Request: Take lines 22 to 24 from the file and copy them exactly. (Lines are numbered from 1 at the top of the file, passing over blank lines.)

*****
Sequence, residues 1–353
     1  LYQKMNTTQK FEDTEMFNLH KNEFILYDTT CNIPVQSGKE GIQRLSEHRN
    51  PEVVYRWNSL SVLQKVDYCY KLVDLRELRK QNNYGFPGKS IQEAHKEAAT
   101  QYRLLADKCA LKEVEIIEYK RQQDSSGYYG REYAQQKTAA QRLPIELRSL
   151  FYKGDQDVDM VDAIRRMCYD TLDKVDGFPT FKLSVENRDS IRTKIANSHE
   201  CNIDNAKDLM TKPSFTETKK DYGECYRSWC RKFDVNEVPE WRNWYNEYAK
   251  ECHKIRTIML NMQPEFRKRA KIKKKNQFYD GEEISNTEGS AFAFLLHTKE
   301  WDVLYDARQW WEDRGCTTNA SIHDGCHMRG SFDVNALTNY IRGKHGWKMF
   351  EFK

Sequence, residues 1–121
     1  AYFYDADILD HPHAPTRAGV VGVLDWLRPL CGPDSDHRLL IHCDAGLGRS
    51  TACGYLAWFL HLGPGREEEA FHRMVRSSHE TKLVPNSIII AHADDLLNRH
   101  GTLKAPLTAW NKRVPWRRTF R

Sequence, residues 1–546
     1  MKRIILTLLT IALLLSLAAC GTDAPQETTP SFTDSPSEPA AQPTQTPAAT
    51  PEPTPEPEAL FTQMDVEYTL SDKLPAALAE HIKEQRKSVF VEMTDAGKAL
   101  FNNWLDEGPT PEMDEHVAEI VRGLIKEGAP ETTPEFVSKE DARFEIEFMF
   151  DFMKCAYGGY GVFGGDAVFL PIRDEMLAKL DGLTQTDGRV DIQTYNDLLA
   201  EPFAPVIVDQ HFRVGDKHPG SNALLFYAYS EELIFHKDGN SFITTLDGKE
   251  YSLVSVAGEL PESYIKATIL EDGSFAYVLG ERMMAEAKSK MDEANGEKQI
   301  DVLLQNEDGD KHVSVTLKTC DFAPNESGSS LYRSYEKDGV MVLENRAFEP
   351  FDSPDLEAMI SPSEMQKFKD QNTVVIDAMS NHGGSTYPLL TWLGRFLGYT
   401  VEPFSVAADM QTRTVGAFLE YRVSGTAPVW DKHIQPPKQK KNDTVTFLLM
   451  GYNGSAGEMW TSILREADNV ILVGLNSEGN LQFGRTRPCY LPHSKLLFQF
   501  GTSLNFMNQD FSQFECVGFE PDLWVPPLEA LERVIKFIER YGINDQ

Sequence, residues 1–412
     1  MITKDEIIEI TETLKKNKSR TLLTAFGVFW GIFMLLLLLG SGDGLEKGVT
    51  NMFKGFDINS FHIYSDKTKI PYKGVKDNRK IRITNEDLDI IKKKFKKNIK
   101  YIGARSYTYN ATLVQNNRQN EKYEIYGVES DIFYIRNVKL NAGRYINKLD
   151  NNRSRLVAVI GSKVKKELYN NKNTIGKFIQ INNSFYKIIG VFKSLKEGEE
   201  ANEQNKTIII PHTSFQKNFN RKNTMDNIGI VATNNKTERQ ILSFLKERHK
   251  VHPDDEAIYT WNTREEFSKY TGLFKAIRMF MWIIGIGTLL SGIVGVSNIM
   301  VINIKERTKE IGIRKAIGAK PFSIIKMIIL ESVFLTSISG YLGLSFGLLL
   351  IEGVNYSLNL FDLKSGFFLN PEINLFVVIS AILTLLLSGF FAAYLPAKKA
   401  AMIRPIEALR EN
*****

   351  FDSPDLEAMI SPSEMQKFKD QNTVVIDAMS NHGGSTYPLL TWLGRFLGYT
   401  VEPFSVAADM QTRTVGAFLE YRVSGTAPVW DKHIQPPKQK KNDTVTFLLM
   451  GYNGSAGEMW TSILREADNV ILVGLNSEGN LQFGRTRPCY LPHSKLLFQF